I think denying users from using old passwords is inconvenience wifhout enough return. Furrhermore, it means old passwords are still stored somewhere... the whole password history for the whole set of accounts! What if that gets stolen?


@alvarezp @alcinnz While the topic of forcing password changes regularly is debatable, password history information is/should of course not just be stored in the clear. Only (hopefully well-salted) password hashes are stored.

@emanuel @alcinnz I would say it's better if they are not stored at all, not even in salted hash form.

A reason for password change could be to increase security by not having that salted hash stored (or password) anymore on that service.

On the UI, the service may try and make me not use my immediately previous password but any of the older passwords should be OK.

@alvarezp @emanuel @alcinnz Password history is actually kind of important these days. For that matter, I think it’d be good to check a proposed password against a badlist, populated by username/compromised passwords, and reject already revealed passwords associated with the user ID. Passwords should be changed when compromised, not as a time-based event.

@SuperFloppies @emanuel @alcinnz The argument of importance is given by the "periodic password change" people too, and they feel it as a need, but that does not prove it is a good security practice.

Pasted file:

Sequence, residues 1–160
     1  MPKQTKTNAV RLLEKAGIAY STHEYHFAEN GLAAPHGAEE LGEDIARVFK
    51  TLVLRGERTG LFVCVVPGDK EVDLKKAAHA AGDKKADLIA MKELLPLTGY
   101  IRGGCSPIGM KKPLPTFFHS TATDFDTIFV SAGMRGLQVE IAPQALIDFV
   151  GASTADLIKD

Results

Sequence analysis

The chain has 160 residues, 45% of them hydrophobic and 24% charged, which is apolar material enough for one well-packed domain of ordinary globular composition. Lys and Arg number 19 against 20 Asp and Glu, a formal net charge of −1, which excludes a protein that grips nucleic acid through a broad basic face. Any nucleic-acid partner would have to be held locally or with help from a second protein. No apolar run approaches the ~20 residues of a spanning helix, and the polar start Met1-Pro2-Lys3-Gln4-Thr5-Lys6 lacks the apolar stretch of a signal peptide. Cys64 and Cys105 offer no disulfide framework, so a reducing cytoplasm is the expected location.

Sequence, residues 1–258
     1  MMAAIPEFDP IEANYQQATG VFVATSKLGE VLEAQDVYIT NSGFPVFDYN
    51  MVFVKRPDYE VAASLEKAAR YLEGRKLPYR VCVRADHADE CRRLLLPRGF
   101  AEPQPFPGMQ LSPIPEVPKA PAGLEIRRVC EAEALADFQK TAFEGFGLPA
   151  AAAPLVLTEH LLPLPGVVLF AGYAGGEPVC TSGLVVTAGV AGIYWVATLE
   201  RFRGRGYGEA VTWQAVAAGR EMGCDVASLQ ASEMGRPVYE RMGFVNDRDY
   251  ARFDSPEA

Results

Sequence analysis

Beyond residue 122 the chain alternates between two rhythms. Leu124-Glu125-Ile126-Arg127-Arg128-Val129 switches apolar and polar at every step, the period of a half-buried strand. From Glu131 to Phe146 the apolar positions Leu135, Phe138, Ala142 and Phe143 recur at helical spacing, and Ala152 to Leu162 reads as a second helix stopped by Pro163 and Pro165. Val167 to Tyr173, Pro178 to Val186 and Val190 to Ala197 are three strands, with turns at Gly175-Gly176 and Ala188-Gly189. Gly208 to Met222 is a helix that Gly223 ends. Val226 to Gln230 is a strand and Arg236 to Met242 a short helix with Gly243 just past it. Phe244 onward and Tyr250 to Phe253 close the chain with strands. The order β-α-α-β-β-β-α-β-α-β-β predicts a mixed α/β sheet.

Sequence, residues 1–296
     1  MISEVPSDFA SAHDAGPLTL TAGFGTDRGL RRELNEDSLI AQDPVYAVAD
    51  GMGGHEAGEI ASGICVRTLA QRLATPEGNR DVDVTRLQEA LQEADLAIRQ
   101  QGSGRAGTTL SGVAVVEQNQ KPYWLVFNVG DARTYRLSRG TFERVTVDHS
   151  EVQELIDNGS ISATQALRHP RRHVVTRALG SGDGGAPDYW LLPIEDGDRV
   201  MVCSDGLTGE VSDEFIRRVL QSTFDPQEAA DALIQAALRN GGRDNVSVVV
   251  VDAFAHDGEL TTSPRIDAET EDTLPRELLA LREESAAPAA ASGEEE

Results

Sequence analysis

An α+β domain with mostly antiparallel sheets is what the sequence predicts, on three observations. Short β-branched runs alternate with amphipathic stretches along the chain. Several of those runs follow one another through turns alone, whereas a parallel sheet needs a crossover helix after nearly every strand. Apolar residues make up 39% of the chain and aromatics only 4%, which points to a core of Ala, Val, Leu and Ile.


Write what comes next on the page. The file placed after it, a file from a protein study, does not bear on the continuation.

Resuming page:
Same with the password history technique: it is perceived as a need and it is perceived as important but it does not do any more good than the complexity, risks and inconveniences it adds.

@alvarezp @emanuel @alcinnz Reusing old passwords represents a real risk. How many people do you know that check to see if the password they use is known to the Internet, or reuse work passwords for personal accounts?

A good auth system will monitor those things for you and prohibit you from using a compromised password. But there is a sound logical reason for this. There never has been for age-based password expiration.

@SuperFloppies @emanuel @alcinnz It's not the same to reuse old passwords as to reuse leaked ones. A company can check against its known-leaked password database and reject with "can't reuse a known-leaked password". If that database is stolen, no problem: it was already leaked.

But old vs leaked, there is no correlation: not all old passwords are leaked *unless the leaked database contained whole password histories*, which made it worse for all!

@alvarezp @emanuel @alcinnz And you make zero consideration for the possibility that an unknown leak has occurred. Old passwords could be compromised. New ones, probably not.

Security comes in layers. When there is a good reason to cast away a layer, fine. This? Not that.

But we’re done here. The merits speak for themselves.

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